Yet, it cannot be done so soon that it sharply diminishes or ends the economic recovery.

No one is certain how Yellen will go about unwinding bond purchases and, after that, the disposition of the huge bond portfolio at the Fed.

“You never know exactly how anyone will act in the position until they are there because it’s a little different being chairman than being a member,” says Fannie Mae’s Duncan. “When you’re the chairman, you have to organize the whole group--and that may be slightly different than the way you think about things when you are simply a member.”

The Fed’s efforts at providing a stimulus to the economy- -keeping short-term interest rates close to 0 percent and purchasing trillions of dollars in bonds to lower long-term interest rates--is unprecedented in the central bank’s history.

So far, prices as measured by the Consumer Price Index (CPI) have risen only modestly. Prices actually fell 0.4 percent in 2009, rose 1.6 percent in 2010, rose 3.2 percent in 2011, rose 2.1 percent in 2012 and only 1.0 percent in the twelve months ending in October 2013

Unemployment has remained high while the share of working-age Americans participating in the labor force has declined. Unemployment, which stood at 6.1 percent in September 2008 when the financial crisis broke, rose to 10 percent in October 2009 and stood at 7.0 percent in November 2013.

The labor force participation rate, which stood at 66 percent in September 2008, has steadily fallen to 63.0 percent in November 2013, as the unemployed gave up looking for work.

QE is widely credited for boosting asset values in the U.S. stock market and driving up the value of equities in the emerging and frontier markets around the world, until Bernanke in May 2012 first indicated the Fed might be ready to start reducing its purchase of bonds--a process quickly dubbed “the taper” by market investors.

Expectations the Fed would start tapering in September 2013 were dashed when it did not do so, and since then interest rates have fallen back.

 

Higher inflation?

The marvel for some economists is, however, that so much monetary stimulus coupled with runaway federal deficit spending has not created a raging fire of inflation devouring the economy.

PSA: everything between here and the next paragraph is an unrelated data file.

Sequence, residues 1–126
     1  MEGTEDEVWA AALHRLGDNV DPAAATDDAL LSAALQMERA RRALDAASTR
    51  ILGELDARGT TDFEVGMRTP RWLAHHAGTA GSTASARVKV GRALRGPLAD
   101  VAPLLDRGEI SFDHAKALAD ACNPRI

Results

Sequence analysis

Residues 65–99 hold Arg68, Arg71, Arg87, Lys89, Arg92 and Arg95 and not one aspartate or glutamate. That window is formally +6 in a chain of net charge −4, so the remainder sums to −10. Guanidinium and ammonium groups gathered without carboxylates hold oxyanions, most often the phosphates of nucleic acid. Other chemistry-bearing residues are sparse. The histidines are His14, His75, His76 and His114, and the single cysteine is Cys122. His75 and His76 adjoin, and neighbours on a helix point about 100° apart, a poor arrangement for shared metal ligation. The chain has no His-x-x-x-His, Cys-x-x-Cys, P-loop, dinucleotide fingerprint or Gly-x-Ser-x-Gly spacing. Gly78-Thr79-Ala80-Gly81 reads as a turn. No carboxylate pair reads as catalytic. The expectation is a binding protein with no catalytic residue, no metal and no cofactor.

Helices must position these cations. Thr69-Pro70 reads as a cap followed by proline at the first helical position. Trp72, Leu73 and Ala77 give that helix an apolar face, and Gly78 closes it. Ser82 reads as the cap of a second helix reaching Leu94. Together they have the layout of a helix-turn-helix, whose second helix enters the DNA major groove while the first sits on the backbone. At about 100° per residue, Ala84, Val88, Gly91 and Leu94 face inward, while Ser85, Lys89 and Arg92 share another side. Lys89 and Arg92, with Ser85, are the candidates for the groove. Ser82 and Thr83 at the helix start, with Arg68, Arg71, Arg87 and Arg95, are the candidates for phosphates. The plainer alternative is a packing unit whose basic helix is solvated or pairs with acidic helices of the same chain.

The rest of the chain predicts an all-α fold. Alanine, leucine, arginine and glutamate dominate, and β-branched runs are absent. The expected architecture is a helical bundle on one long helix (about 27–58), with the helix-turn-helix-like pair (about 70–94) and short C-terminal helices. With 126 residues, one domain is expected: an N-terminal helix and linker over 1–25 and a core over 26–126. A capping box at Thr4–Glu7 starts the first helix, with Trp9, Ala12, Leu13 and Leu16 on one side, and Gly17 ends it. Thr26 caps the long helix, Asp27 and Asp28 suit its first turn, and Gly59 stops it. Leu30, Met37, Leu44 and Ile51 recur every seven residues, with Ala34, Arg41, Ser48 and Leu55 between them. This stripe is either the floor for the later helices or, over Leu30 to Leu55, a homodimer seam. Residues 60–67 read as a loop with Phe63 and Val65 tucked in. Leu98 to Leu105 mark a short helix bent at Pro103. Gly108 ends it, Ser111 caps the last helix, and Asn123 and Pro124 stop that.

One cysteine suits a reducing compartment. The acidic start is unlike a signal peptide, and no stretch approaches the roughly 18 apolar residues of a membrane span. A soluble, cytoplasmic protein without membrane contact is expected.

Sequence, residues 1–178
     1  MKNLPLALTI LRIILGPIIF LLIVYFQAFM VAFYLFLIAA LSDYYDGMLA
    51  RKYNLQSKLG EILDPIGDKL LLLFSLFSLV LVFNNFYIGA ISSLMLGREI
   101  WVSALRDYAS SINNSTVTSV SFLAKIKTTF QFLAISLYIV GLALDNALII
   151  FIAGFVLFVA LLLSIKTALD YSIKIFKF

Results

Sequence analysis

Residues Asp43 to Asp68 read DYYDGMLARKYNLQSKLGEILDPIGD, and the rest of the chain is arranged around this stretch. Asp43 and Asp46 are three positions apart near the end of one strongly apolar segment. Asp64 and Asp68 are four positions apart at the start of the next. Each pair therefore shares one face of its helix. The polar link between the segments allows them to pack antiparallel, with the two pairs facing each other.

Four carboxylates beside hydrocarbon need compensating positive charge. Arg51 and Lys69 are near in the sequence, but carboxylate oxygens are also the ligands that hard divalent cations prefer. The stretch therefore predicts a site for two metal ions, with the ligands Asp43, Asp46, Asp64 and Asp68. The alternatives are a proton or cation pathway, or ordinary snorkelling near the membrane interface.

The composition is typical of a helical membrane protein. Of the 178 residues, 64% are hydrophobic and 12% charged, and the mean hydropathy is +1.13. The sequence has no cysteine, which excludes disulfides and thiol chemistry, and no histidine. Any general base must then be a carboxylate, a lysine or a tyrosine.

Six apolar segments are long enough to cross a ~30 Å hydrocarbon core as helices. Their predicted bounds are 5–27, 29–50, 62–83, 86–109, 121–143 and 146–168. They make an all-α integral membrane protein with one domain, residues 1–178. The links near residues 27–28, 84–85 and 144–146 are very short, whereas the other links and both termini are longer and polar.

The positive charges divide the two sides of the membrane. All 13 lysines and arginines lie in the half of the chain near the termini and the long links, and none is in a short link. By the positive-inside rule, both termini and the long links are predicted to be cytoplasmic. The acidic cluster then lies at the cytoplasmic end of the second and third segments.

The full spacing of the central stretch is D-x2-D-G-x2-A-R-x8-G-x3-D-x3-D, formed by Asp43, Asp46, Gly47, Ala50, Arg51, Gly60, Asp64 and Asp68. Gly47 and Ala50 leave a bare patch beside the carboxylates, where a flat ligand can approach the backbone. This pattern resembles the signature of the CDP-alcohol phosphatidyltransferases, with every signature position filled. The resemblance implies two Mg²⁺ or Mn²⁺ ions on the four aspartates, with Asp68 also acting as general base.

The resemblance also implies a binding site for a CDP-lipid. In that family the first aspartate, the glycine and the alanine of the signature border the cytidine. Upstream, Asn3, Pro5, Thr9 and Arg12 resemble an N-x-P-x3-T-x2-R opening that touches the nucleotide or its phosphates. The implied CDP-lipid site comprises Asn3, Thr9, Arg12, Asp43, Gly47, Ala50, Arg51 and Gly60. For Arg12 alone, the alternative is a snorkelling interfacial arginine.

“If Milton Friedman were alive, he would be shooting himself in the head” over the Fed’s inflation-inducing policies, according to Laurence Kotlikoff, professor of economics at Boston University and a visiting professor of economics at the Massachusetts Institute of Technology (MIT), Cambridge, Massachusetts.

With very low interest rates for more than five years and the largest central bank intervention in history, some economist believe higher inflation may be inevitable.

“The reality is that the velocity of money is way down and the money multiplier is way down. If we went back to historic norms [for the velocity of money and the money multiplier], we could see the price level increase by a factor of 3.5 just based on what’s happened already” in terms of monetary easing, Kotlikoff warns.

“The backdrop of all this that the country is broke, fiscally speaking,” he says. “The fiscal position of the country is desperate. The Fed right now is printing 29 cents of every dollar the federal government spends,” Kotlikoff explains. “They’ve done things that could lead to hyperinflation, and they are still doing things.”

The bill for Bernanke’s policies may come due for the Yellen Fed, according to Kotlikoff, who thinks Yellen is “a terrific economist” and “the best person for the job.” He expects that she will excel at setting expectations for Fed policy and be able to calm the markets at a time of volatility. “She has a difficult job and lot of risks associated with it,” he says.